A witty man, who was a curious mixture of mischief and irritability, and who always had the rumpled appearance of one who had spent the night sleeping rough, Gray was seldom seen without a cigarette in one hand and a glass in the other. When advised for medical reasons to give up Scotch, he merely quadrupled his intake of champagne. But even that glass ran dry after a near brush with death, while the loss of a yard of intestine in the late 1990s led to him forswearing alcohol exactly a year after his younger brother Piers had died of an alcohol-related disease. Gray drew strongly on his relationship with his brother, 10 years his junior and also a writer and academic, for Japes, his 2001 success.
Gray’s offstage feuds became almost as famous as his plays. In 1991, he wrote a TV play, Old Flames, in which the names of the murder victims all bore the names of well-known theatre critics who over the years had given his plays less than favourable notices.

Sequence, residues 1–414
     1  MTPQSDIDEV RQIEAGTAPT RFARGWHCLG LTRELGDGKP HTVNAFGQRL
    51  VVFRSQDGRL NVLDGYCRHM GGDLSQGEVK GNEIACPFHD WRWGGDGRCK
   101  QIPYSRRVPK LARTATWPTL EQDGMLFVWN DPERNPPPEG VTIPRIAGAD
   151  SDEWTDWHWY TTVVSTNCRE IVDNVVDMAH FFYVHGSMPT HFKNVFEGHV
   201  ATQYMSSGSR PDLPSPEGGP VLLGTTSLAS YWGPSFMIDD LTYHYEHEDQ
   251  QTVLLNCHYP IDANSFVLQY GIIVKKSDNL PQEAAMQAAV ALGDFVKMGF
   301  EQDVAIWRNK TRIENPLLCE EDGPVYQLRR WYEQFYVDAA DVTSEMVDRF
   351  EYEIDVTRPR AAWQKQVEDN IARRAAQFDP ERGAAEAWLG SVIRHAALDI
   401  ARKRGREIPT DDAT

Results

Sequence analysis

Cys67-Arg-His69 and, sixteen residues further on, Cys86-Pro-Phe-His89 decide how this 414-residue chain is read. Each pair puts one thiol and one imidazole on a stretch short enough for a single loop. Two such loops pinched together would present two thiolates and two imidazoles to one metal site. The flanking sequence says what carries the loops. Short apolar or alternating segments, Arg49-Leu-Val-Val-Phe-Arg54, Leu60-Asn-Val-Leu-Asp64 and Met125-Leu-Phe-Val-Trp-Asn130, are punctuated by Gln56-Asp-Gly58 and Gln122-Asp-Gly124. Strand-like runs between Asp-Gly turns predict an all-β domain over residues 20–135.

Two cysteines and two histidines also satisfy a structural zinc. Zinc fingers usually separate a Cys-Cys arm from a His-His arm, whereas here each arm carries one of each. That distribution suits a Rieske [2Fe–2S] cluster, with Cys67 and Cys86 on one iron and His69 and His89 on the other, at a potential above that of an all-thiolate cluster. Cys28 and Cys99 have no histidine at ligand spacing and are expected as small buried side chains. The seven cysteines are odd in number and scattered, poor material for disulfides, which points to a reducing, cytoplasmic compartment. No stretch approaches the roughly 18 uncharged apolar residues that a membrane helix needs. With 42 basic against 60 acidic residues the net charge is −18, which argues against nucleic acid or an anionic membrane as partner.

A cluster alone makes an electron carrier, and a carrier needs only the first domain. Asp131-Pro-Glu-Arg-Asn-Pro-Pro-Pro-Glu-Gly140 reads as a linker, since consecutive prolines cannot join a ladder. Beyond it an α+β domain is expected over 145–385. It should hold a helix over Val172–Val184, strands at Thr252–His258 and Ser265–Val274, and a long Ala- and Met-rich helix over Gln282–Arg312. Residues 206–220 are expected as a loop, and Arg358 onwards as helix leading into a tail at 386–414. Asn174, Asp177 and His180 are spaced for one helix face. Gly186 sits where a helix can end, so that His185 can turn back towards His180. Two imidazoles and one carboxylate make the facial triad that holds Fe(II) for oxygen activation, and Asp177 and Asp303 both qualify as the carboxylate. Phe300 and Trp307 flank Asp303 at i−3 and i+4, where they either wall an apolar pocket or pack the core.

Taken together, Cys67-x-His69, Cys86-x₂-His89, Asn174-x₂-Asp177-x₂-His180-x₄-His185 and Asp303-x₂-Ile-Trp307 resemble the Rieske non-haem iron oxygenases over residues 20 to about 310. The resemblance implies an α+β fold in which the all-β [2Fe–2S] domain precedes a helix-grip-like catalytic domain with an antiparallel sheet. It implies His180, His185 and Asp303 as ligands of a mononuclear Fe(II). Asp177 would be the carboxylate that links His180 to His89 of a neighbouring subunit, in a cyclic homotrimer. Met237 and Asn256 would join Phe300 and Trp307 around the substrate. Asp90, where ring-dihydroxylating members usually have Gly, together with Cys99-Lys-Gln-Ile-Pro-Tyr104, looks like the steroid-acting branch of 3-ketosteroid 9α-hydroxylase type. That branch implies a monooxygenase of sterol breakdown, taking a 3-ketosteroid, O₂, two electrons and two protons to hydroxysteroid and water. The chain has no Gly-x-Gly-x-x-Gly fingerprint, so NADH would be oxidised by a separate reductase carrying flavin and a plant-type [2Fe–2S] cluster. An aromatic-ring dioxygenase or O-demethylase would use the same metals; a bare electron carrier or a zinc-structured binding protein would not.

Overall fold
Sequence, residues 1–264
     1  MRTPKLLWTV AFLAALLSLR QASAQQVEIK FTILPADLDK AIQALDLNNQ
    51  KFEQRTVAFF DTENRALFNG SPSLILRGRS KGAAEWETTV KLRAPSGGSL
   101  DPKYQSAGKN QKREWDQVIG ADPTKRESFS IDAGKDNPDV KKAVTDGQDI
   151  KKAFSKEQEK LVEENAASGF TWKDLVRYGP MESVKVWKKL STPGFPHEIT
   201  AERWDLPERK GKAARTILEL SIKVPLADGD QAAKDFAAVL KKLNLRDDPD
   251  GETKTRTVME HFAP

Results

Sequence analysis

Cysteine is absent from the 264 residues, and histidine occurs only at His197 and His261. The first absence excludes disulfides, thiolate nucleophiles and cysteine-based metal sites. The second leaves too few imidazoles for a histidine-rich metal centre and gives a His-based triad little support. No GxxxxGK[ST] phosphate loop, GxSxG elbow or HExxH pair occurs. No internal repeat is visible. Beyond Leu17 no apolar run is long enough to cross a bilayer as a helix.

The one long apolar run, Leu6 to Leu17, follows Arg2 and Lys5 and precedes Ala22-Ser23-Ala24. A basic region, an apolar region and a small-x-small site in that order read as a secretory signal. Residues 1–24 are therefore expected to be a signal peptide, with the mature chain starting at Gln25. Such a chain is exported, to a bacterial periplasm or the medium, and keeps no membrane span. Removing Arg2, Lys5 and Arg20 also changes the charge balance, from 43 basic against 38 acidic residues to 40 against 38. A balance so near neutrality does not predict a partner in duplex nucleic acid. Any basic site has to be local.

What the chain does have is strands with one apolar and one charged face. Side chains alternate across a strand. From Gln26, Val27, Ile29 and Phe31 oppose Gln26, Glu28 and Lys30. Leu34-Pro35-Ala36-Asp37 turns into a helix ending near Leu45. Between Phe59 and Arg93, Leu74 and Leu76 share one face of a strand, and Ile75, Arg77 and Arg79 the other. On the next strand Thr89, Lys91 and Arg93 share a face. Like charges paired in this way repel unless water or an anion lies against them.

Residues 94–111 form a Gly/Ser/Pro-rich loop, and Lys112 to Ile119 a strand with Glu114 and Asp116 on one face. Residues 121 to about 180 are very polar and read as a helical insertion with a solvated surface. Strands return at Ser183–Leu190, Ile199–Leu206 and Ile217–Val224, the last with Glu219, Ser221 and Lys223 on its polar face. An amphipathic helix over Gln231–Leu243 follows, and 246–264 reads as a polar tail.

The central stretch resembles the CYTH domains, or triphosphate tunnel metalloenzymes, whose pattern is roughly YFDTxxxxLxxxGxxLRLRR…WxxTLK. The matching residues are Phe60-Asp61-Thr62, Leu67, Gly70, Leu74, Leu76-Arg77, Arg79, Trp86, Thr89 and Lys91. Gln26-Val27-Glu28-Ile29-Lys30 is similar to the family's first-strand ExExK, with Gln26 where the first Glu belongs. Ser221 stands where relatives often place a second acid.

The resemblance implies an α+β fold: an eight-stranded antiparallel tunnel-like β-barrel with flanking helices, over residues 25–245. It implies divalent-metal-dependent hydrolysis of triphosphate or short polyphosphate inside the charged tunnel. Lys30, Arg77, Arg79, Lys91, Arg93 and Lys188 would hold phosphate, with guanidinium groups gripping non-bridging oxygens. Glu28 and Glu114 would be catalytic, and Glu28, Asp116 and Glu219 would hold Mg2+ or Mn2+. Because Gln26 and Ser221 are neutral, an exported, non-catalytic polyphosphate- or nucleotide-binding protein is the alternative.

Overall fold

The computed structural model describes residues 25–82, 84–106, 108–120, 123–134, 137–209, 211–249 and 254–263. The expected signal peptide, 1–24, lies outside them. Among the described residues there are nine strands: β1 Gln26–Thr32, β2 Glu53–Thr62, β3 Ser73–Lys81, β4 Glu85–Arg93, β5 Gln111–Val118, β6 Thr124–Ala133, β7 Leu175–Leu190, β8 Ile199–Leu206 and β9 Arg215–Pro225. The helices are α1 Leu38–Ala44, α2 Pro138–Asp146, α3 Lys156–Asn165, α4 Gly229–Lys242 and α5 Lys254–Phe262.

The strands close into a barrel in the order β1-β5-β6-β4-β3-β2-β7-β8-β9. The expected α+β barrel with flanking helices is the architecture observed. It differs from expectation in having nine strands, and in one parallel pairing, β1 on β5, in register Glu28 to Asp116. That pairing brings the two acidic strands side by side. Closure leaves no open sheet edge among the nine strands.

His ongoing and vicious spat with the writer and critic James Fenton (each reviewing the other’s work biliously) was gleefully recorded in the papers, as was his (temporary) break-up with Harold Pinter, who took exception to the portrayal of himself in Unnatural Pursuits (1993), a TV adaptation of An Unnatural Pursuit (1985), Gray’s horribly funny diary account of the staging of his play The Common Pursuit.
The two friends did not speak for some years. They were eventually reconciled both personally and professionally, with Pinter going on to direct The Late Middle Classes and The Old Masters.
Gray’s diaries may have got him into trouble but they were where his real gift lay, the place where he offered up his verbal “V” signs to the world. Gray was as funny and vicious about his own haplessness as he was about the foibles of others. “Told with exquisite ill-temper,” was the verdict of John Osborne, not exactly a paragon of good grace himself, on How’s That For Telling ‘Em, Fat Lady? (1988), Gray’s comic account of his brush with the horrors of the American theatre.